Rape is good for your health : Memes and Normative Bias

Paul Marsden (PMarsden@compuserve.com)
Tue, 10 Jun 1997 15:45:42 -0400

Date: Tue, 10 Jun 1997 15:45:42 -0400
From: Paul Marsden <PMarsden@compuserve.com>
Subject: Rape is good for your health : Memes and Normative Bias
To: "INTERNET:memetics@mmu.ac.uk" <memetics@mmu.ac.uk>

This is a reply to Tim Perper's call for a moral stance to be taken in
memetics that has

"Eventually, one must take an ethical position about what sorts of
memes -- of ideas, values, traditions, call them what you will -- *should=
be promulgated."

There is certainly no *must* about taking such a position, and as a socia=
scientist who is committed to value-freedom in my work I certainly shall
not be deciding what is "decent" for everybody. Blaise Pascale once said=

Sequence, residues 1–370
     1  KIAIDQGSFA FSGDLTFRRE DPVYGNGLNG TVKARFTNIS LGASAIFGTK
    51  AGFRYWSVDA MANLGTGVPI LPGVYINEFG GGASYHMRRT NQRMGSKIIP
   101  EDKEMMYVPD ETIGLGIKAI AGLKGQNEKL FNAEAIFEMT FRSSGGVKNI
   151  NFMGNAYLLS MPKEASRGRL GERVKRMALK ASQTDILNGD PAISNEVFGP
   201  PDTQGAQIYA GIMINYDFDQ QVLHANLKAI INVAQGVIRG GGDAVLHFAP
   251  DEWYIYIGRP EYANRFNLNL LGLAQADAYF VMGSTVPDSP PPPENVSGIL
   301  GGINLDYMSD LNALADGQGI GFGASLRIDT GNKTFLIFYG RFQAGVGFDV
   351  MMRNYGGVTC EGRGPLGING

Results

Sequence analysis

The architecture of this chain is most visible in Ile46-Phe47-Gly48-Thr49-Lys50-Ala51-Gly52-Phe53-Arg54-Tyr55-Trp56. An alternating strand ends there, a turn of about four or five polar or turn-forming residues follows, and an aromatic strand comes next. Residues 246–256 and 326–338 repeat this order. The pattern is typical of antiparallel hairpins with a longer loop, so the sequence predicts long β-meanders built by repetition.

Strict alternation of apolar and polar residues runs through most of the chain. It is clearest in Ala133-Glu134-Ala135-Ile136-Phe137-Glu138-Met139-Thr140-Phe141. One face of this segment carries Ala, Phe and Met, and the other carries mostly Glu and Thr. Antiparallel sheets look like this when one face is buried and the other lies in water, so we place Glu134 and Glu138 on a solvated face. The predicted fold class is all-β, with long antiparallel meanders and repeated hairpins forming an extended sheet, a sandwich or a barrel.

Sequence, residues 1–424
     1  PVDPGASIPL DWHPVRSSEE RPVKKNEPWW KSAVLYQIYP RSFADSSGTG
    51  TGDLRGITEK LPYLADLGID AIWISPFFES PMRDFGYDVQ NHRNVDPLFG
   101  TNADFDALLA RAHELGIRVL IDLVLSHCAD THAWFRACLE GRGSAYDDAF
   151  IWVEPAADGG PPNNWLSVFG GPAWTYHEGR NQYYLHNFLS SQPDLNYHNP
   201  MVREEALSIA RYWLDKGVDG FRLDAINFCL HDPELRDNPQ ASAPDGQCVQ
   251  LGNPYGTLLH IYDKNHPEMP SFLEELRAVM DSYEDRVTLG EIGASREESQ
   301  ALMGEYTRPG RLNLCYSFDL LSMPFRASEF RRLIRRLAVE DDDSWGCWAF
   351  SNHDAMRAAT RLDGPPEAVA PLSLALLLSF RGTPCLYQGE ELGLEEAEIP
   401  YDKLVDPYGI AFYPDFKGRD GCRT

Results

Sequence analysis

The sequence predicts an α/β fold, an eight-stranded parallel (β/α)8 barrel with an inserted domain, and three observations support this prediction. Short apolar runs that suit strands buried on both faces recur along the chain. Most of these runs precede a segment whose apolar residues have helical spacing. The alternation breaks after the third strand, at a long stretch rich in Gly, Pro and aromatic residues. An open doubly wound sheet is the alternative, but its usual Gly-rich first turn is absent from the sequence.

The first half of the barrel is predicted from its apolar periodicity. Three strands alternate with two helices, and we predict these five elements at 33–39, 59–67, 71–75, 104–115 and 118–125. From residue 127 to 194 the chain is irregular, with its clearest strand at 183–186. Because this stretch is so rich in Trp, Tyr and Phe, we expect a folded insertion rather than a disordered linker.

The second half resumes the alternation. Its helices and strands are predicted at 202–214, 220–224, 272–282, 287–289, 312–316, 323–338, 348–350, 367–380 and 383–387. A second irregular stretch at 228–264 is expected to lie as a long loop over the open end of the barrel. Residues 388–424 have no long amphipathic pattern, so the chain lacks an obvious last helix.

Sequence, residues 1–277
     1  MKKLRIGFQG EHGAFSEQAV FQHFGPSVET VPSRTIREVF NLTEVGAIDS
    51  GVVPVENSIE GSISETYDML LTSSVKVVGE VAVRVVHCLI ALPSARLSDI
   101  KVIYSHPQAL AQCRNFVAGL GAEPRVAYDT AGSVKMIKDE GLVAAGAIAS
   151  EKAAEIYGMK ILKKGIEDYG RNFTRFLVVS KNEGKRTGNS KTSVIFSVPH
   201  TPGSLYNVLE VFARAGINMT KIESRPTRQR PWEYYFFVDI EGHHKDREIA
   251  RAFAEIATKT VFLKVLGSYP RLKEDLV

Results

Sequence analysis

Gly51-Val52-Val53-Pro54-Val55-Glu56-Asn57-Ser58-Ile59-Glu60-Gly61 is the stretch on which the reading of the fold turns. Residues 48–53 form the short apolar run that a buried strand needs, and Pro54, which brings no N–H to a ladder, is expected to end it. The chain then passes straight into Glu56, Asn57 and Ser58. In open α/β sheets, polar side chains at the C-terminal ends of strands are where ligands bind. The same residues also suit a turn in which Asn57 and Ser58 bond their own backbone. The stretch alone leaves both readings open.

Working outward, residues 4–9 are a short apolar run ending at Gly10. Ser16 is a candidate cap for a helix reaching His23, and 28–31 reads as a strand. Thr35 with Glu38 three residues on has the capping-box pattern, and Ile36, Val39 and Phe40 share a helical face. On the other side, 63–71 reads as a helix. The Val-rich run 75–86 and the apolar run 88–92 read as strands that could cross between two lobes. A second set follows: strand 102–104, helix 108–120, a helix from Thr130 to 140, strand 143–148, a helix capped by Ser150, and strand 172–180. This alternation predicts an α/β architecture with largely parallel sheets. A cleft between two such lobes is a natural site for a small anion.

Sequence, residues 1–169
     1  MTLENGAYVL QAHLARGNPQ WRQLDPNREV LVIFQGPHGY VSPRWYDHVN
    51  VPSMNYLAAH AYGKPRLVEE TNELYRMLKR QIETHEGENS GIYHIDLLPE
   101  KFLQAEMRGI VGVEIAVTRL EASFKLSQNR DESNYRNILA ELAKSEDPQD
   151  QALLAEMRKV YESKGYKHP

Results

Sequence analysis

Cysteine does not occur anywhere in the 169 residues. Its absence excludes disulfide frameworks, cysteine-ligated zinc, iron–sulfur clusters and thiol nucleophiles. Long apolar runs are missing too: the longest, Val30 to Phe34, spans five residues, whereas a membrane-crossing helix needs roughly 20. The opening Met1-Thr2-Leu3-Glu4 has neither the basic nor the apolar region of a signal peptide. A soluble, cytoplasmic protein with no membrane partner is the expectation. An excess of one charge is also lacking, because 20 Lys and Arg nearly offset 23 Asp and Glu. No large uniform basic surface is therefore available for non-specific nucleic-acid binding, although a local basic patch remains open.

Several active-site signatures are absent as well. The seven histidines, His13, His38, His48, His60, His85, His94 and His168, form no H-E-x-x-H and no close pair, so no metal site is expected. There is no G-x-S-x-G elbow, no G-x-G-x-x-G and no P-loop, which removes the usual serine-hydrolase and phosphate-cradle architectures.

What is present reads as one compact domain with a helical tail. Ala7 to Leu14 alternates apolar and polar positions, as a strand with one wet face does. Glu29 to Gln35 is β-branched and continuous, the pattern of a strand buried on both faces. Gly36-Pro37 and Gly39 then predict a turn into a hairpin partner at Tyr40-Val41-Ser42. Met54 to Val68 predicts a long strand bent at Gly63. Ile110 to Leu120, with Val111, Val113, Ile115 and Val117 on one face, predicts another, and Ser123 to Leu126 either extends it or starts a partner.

that what is true on one side of the Pyranees is false on the other. Onc=
you realise that there are no absolute values, and that values are
relative, you become more modest in wanting to impose your morality on
other people. For me, the goal of memetics should be to recount as
faithfully as possible with our unique set of analytical tools what is, n=
what should be. As far as rape is concerned, as a memetician I have no
moral position to take, but as an individual engaged in society I find th=
infliction of pain and suffering on others abhorrent, and so am against i=
and will argue against it. But as a social scientist, who has too often
seen the effects of unintended consequences, I am committed to a calculus=

of modesty, partly because because any alternative would take any claim f=
objectivity away from memetics, but mostly because I respect my fellow
humans enough to let them make their own minds up (infected or not) about=

what is right and wrong. I counter your demand with a plea : Memetics mu=
be value free.
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